February, 2017 Archives

All Hallows Church and the Harthill Estate c1935

In my time in Liverpool, I have seen numerous attacks on the city’s fine architectural heritage. A few (Lyceum Club and Albert Dock are two of the most prominent) have failed but most have been pushed through to the benefit of developers, who just move on after picking up their profits. I am not one who is against development per se. After all, Liverpool once supported almost double the population and has had to readjust as economic decline has changed its fortunes.

However, the City Council has now turned its attentions to selling off a part of our heritage that any right thinking citizen would regard as sacrosanct – its parks and green spaces. After pushing through its appalling decision to sell-off Sefton Park Meadows to its buddies, Redrow, it is following up that act of betrayal by carving up Calderstones Park for another grossly invasive housing development.

How does it get away with it? Thousands (this is not an alternative fact) of local residents have signed petitions against the development yet the Council plough on, oblivious to the destruction of the integrity of the park. They claim it is a brownfield – how convenient after their Militant predecessors tore down the much-loved Orchid Houses to leave a concrete standing that became the park’s depot.

This is a park that has belonged to the people of Liverpool for over a century. It is our space – not a plot of commercial land to be sold to the highest bidder (or not, in the case of Redrow, who have paid for preferred bidder status – a cosy relationship for a company sharing the same floor of the Cunard Building as the Mayor’s Office). The photograph shows the area in about 1935. I could digress and write about Mather Avenue with no traffic, or the 16 tennis courts, but my focus is on the land beyond All Hallows Church, to the right of what was Quarry Bank Grammar School (now Calderstones School). The road just beyond the church is Harthill Road and most of the land in photograph is earmarked for 51 executive properties.

There are so many arguments that make this development inappropriate but I have chosen the words of Professor Quentin Hughes. In 1999, I published his seminal book Liverpool: City of Architecture, which was a celebration of the city’s very fine architectural heritage. He wrote:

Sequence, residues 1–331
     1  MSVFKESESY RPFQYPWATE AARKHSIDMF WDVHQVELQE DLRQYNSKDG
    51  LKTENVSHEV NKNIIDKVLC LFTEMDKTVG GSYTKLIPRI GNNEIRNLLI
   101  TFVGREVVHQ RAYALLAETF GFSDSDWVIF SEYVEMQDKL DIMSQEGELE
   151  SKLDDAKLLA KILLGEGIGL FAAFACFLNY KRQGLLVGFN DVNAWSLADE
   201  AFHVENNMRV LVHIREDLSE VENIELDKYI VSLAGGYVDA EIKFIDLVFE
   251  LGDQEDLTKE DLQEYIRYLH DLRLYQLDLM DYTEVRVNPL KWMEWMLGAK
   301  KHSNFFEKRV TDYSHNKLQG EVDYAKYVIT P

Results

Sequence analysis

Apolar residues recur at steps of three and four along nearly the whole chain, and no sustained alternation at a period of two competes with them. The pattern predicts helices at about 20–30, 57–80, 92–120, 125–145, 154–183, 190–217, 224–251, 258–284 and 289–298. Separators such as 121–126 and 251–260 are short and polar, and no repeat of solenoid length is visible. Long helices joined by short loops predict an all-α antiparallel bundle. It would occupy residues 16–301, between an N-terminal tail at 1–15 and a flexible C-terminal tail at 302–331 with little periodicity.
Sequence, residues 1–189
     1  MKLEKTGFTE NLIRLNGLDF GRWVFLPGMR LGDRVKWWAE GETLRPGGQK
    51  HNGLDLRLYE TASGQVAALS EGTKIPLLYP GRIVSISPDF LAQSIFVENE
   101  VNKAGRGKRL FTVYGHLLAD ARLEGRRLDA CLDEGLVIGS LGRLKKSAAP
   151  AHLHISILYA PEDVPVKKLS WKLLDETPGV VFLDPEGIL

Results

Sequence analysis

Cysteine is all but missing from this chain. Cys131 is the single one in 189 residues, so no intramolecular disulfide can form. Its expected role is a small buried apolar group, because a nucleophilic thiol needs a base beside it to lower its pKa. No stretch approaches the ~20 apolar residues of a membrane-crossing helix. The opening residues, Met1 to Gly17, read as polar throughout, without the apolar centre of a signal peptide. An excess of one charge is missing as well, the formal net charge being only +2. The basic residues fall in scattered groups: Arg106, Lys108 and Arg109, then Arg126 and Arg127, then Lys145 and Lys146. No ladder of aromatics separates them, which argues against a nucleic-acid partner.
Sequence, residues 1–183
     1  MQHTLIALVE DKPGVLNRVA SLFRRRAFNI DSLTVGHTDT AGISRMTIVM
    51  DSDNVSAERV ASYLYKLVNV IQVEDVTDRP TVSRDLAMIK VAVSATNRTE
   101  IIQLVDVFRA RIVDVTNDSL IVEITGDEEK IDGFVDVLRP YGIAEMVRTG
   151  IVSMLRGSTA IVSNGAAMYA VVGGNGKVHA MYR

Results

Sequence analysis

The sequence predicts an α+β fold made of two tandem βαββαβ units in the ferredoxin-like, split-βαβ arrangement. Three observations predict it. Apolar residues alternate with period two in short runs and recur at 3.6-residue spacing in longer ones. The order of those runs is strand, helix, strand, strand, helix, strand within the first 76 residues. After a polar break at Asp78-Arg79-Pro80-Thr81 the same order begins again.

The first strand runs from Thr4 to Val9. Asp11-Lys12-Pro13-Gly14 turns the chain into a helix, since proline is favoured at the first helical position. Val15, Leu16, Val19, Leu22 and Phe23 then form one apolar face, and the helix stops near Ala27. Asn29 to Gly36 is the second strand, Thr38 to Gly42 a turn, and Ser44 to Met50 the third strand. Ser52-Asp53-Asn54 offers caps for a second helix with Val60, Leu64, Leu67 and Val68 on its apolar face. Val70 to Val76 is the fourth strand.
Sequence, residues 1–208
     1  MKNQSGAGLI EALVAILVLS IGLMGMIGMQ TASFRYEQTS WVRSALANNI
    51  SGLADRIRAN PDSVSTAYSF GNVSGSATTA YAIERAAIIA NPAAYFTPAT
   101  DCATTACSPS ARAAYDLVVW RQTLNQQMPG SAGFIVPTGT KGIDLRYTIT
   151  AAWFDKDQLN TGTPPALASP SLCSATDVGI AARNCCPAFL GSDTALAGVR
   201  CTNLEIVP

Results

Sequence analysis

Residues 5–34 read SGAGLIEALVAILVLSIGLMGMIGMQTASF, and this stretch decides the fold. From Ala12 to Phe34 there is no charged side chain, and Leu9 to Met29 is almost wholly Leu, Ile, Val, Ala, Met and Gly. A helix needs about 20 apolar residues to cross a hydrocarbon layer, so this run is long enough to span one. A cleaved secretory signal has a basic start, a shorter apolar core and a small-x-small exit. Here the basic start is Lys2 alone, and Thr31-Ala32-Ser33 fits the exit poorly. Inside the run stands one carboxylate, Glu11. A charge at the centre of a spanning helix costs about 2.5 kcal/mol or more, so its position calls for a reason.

“Liverpool is famous for its parks. Few cities in the western world can compare with the green swathes of South Liverpool where parks have been laid out almost touching each other …. South Liverpool must be one of the loveliest places in any European city. Everywhere there are mature trees and open spaces on a scale unseen elsewhere, but slowly suburban growth is eating at their edges, destroying irreplaceable settings.”

I could add more but I know others have covered the key issues. Professor Hughes’s few words succinctly express what is at stake. For a measly sum of money, we are in danger of throwing away what makes Liverpool so special and treasured.

Unfortunately, planning permission has just been given to Redrow to go ahead with their scheme to destroy the integrity of the area. Sadly, they have the enthusiastic backing of a Labour council who should know better than to get into bed with developers.

Looking through my photographic collection, I am always reminded of what Liverpool has lost architecturally. Wartime bombing saw off a fair number of good (and occasionally great) buildings,but by far the greatest destruction was caused in the post-War decades, particularly the 1960s and 70s.

Waterloo Grain Warehouses can claim to be victims of both the Blitz and the 1960s readiness to dismantle the city’s heritage. Opened in 1867 to the design of George Fosberry Lyster, the City Engineer, there were originally three warehouses facing East Waterloo Dock. (The photograph is taken from Princes Half Tide Dock with its entrance into East Waterloo Dock). James Picton, architect and writer whom I so often quote, regarded the warehouses as ‘a great improvement on the massive ugliness of the Albert Dock’. Certainly there are similarities in construction, with the hauling machinery in this case being housed in the turrets that arise above the roof level.

The far block was destroyed by enemy bombing. The block on the left survived until 1969, when the Mersey Docks and Harbour Board demolished it at roughly the same time as Duke’s Warehouse, which was adjacent to Albert Dock. Two unnecessary acts that have greatly diminished our dockland heritage. Barratt Homes bought the remaining Waterloo Grain Warehouse and converted it to flats. The site of the other warehouses are now typical suburban houses – totally out of keeping with their once grand setting.

First of all, my apologies for the gap in posts. For years, the site has been with a server that was delivering an expensive and slow site. Moving to a new server has been a bit of a nightmare but will hopefully offer a much better service.

I have a large number of late nineteenth century images of Pier Head and the ferries. Perhaps this is to be expected. Pier Head was the only part of the river that was open to the public until the 1980s and the re-opening of the Albert Dock. As a result, it was not only packed with passengers for the ferries but was also a popular place to meet and promenade,

The photograph is unremarkable, although it has some great animation. I was particularly taken by the young man with a top hat. It must be a hot summer’s day judging by the open parasols, especially on the overcrowded ferry deck. It is a morning shot looking at the shadows and I am guessing that it might be a Sunday’s excursion to New Brighton.